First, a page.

Docket No. 56459.
Decided May 20, 1982.
Frank J. Kelley, Attorney General, Louis J. Caruso, Solicitor General, Edward J. Grant, Prosecuting Attorney, and John L. Wildeboer, Chief Appellate Attorney, for the people.
Rappleye, Wilkins Arcaro, for defendant.
Which criminal offense, larceny or obtaining property by false pretenses, is committed when a shopper switches a price tag on merchandise he proposes to buy so that a lower price appears on the merchandise?
Defendant was charged with larceny in a building, MCL 750.360; MSA 28.592. At the preliminary examination, a store detective for Meijer Thrifty Acres testified that she had observed defendant remove a prive tag marked $1.88 from an unfinished decorator shelf, and place it on a finished decorator shelf, which had been marked $6.53. The detective said that defendant walked over to his wife and spoke with her, then defendant's wife picked up the finished shelf and placed it in their shopping cart. Defendant and his wife went through the check-out area and paid the marked price of $1.88 for the finished shelf usually priced $6.53. While defendant was loading his car with the merchandise he had purchased, he was stopped by the store detectives. Defendant was arrested and charged with larceny in a building.
Defendant was bound over for trial on the charged offense. On October 27, 1980, he moved to quash the information, arguing that the evidence presented at the preliminary examination did not establish the elements of a larceny. In an order dated February 2, 1981, the Jackson County Circuit Court quashed the information, finding that the elements of false pretenses, but not those of larceny, were made out at the preliminary examination. The prosecution has appealed, raising this single issue of first impression in Michigan.
The crime of larceny in a building is established when the prosecution shows that goods or personal property of another are actually or constructively taken against the consent and will of the owner. The goods must be asported or carried, and the taking must occur within the confines of a building. Freeman v Meijer, Inc, 95 Mich. App. 475; 291 N.W.2d 87 (1980).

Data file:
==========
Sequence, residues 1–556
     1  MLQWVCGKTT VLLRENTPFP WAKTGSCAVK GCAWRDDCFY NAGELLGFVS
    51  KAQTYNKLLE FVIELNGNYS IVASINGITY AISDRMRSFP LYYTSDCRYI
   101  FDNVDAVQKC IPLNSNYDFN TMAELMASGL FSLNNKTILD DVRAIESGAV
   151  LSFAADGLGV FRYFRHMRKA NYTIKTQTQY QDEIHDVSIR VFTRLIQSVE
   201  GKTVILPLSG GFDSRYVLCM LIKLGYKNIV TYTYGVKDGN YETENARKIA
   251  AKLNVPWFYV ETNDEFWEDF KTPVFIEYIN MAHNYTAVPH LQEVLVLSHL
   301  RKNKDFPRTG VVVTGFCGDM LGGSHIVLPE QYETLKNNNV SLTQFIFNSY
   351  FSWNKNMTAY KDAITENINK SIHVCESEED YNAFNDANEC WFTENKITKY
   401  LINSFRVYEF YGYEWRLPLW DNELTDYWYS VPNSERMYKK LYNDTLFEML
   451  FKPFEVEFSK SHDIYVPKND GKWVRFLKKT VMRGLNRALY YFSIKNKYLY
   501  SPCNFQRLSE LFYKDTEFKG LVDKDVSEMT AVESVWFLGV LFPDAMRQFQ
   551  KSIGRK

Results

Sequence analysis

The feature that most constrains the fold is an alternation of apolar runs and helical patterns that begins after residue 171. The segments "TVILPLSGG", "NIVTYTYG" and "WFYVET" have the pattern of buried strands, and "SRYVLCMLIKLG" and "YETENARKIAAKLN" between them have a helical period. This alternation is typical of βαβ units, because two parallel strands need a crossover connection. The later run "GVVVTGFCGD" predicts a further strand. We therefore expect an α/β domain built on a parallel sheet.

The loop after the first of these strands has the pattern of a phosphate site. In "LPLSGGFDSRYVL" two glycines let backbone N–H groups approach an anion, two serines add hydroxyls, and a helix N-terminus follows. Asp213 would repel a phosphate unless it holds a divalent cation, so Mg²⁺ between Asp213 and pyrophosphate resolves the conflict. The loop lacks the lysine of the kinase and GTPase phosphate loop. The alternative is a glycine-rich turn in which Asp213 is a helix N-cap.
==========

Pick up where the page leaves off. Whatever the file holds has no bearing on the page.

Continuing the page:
The lower court found that the crime committed was not larceny in a building but was false pretenses, MCL 750.218; MSA 28.415. To establish the crime of false pretenses, the prosecution must show that a representation as to an existing fact was false and was made with the knowledge of falsity and with the intent to deceive and that the person sought to be deceived relied thereon to his detriment. People v Larco, 331 Mich. 420, 428; 49 N.W.2d 358 (1951), People v McCoy, 75 Mich. App. 164, 177; 254 N.W.2d 829 (1977).
Although the elements of the two crimes are quite distinct, the determination of whether a certain course of action should be punished under one statute or the other is often not easily made. The Supreme Court noted recently in People v Long, 409 Mich. 346, 350-351; 294 N.W.2d 197 (1980), quoting from People v Martin, 116 Mich. 446; 74 N.W. 653 (1898):
"`"There is, to be sure, a narrow margin between a case of larceny and one where the property has been obtained by false pretenses. The distinction is a very nice one, but still very important. The character of the crime depends upon the intention of the parties, and that intention determines the nature of the offense. In the former case, where, by fraud, conspiracy, or artifice, the possession is obtained with a felonious design, and the title still remains in the owner, larceny is established; while in the latter, where title, as well as possession is absolutely parted with, the crime is false pretenses. It will be observed that the intention of the owner to part with his property is the gist and essence of the offense of larceny, and the vital point upon which the crime hinges and is to be determined."' 116 Mich. 450-451."
This distinction is consistent with that made in other jurisdictions. 35 CJS, False Pretenses, § 3, pp 804-807.
Based on this distinction, we conclude that here, where defendant attempted to secure both title and possession of the shelf, the applicable crime is false pretenses.
The prosecutor contends that, because the defendant switched price tags, the store clerk did not know the nature and the value of the property she was parting with and, because of this mistake of fact, title did not effectively pass to the defendant. In any crime of false pretenses, however, the victim is induced to part with title through a misrepresentation of fact. Whenever a victim relies upon the misrepresentation and passes title to a defendant, a completed crime of false pretenses is shown.
In other jurisdictions that have addressed this question, courts have held that a shopper who has switched price tags and effectively secured title should be prosecuted for false pretenses. State v Hauck, 190 Neb. 534; 209 N.W.2d 580; 60 ALR3d 1286 (1973), People v Lorenzo, 64 Cal.App.3d Supp 43; 135 Cal.Rptr. 337 (1976). We agree.
In the case at bar, the circuit court properly recognized that the defendant should not have been prosecuted under the larceny statute. We therefore affirm the circuit court order quashing the information charging the defendant with larceny in a building.